Why is HDL cholesterol considered "good"? - Because HDL clears cholesterol out of the system and high levels of it are associated with a decreased risk of heart disease, HDL is often called "good" cholesterol.
How to raise HDL Cholesterol (good cholesterol)? - Regular aerobic exercise, loss of excess weight (fat), and cessation of cigarette smoking cigarettes will increase HDL cholesterol levels.
How cholesterol is measured and tested? - Cholesterol is measured in units called millimoles per litre of blood, usually shortened to "mmol/litre" or "mmol/l".
What're the cholesterol readings? - Cholesterol readings you receive from your medical provider generally include total cholesterol, LDL cholesterol, and high density lipoproteins cholesterol levels.
How often should my cholesterol be checked? - According to a new set of national guidelines governing cholesterol measurement and treatment, it is recommended that the level be treated every 5 years.
What causes high cholesterol? - High cholesterol is caused by eating a diet that is high in saturated fats and cholesterol. Some people, however, have an inherited disorder in which the body cannot properly metabolize cholesterol.
What are the high cholesterol risk factors? - A diet high in certain types of fats is one factor. Medical problems such as poorly controlled diabetes, an underactive thyroid gland, an overactive pituitary gland, liver disease or kidney failure also may cause high cholesterol levels.
What're the symptoms of high cholesterol? - People with severely elevated cholesterol may have fat deposits in tendons and skin, liver and spleen enlargement, and abdominal pain if pancreatitis develops.
What are triglycerides? - Triglycerides are another type of fat that is associated with adverse health consequences. Many patients with high cholesterol also have high triglycerides.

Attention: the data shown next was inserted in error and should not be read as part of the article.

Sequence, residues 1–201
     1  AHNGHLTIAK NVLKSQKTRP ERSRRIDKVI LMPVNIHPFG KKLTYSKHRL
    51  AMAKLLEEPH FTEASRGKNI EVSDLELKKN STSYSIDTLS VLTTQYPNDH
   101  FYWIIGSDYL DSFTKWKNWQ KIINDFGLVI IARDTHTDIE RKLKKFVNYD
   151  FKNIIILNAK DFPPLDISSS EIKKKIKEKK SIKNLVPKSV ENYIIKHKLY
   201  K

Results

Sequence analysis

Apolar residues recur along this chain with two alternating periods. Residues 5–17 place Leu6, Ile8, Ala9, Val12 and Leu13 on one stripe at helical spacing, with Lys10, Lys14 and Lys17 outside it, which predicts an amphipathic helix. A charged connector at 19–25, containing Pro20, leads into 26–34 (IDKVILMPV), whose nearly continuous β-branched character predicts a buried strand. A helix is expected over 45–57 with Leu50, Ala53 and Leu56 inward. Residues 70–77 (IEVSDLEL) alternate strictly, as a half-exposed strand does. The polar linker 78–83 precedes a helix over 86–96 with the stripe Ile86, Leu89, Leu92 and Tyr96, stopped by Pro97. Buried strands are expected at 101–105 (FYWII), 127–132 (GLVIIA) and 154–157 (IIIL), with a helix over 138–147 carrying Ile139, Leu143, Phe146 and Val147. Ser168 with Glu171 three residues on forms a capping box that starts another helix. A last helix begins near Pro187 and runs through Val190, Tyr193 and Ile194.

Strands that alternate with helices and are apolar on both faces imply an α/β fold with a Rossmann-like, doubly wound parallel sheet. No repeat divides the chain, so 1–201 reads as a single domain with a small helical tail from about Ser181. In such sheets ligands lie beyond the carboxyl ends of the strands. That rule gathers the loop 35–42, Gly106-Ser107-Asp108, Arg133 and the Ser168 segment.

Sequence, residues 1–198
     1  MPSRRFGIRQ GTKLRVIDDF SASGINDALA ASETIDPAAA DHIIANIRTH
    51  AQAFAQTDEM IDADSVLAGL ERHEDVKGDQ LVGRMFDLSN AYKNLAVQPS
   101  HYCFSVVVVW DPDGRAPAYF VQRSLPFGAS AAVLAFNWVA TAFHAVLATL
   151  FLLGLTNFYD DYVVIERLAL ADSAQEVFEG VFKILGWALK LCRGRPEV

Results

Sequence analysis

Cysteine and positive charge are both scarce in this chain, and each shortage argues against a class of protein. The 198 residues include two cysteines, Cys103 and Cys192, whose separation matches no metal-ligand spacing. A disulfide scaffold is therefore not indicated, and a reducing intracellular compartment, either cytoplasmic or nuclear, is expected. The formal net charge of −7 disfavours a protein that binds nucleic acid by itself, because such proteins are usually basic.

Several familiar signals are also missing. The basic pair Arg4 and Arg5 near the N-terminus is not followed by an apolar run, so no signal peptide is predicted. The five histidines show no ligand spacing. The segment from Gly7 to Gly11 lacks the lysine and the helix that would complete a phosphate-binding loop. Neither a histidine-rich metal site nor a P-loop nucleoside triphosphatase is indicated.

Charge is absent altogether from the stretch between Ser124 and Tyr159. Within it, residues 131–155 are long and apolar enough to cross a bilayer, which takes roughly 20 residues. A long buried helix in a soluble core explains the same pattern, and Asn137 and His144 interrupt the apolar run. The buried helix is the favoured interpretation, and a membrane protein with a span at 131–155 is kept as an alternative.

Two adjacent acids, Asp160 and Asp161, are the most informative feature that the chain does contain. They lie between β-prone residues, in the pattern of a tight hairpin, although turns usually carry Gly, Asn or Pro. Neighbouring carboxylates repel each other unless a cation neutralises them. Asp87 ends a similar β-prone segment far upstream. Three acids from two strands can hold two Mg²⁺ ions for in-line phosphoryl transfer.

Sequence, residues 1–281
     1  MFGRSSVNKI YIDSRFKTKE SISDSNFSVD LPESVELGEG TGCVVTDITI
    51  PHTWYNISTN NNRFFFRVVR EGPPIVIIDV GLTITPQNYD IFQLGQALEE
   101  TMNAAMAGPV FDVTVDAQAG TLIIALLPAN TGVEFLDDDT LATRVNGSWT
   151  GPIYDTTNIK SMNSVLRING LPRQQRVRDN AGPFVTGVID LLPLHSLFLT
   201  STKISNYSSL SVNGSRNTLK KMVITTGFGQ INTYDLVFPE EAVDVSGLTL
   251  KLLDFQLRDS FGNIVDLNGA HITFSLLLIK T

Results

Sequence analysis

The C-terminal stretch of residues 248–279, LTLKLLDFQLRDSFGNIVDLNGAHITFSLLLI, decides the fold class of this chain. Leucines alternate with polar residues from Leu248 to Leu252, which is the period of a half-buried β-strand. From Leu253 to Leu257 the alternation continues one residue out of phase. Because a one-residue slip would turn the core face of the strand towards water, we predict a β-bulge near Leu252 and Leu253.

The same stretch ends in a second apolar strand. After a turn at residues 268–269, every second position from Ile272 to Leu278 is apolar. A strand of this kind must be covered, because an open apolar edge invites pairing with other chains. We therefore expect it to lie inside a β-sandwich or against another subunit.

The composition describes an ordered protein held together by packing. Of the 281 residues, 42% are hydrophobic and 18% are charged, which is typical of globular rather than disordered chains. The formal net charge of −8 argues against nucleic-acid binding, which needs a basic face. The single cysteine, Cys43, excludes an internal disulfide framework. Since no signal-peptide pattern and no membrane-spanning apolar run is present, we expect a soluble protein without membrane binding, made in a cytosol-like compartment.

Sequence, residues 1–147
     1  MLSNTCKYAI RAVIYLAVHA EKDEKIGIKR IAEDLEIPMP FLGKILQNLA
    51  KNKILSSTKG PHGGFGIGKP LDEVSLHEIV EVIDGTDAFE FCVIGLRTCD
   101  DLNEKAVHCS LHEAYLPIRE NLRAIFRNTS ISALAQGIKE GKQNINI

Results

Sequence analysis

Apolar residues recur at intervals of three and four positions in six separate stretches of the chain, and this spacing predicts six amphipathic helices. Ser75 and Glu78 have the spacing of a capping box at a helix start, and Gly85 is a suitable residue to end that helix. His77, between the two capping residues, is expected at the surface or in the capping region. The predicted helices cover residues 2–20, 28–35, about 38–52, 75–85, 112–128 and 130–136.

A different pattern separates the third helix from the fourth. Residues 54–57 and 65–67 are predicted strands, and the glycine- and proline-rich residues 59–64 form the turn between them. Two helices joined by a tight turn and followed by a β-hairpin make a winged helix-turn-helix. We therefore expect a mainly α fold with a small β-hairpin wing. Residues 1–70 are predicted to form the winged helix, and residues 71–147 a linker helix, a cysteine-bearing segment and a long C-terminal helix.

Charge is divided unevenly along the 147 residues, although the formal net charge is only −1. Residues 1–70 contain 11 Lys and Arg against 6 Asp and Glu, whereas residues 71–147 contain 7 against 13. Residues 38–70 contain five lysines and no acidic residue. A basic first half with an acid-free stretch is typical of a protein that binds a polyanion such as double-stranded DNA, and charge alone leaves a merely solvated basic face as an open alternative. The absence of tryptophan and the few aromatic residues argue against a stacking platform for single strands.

How to test triglycerides? - For triglycerides testing, blood is drawn from a vein in the arm. A vein at the inside of the elbow or on the back of the hand is usually selected.
How can LDL cholesterol levels be lowered? - Lowering low-density lipoprotein cholesterol involves losing excess weight, exercising regularly, and following a diet that is low in saturated fat and cholesterol.
How to reduce cholesterol with dietary therapy? - A low-fat, low-cholesterol diet is desired to keep your total fat consumption--saturated, polyunsaturated and monounsaturated--to fewer than 30 percent of your daily intake of calories.
What about when I go out to eat? - Avoid fried foods. Entrees covered with sauces, as well as creamy dressing, thick soups and casseroles should be avoided because they are usually rich in fat. Look for items labeled "heart-healthy" on the menu.
What cholesterol medications are available to lower cholesterol? - Cholesterol-reducing drugs include cholestyramine (Questran), colestipol (Colestid), gemfibrozil (Lopid), lovastatin (Mevacor), pravastatin (Pravachol) and simvastatin (Zocor).
What nutritional supplements are available to reduce cholesterol? - Artichoke is particularly helpful in relieving gastrointestinal problems that result from an inability to adequately process fats. Garlic assists the heart for centuries and has been used in herbal medicines for all manner of conditions.
What cholesterol lowering food are there? - Eating more fiber-rich foods may help to lower your blood cholesterol level. Soy products are also linked to reduced cholesterol because of their isoflavone content.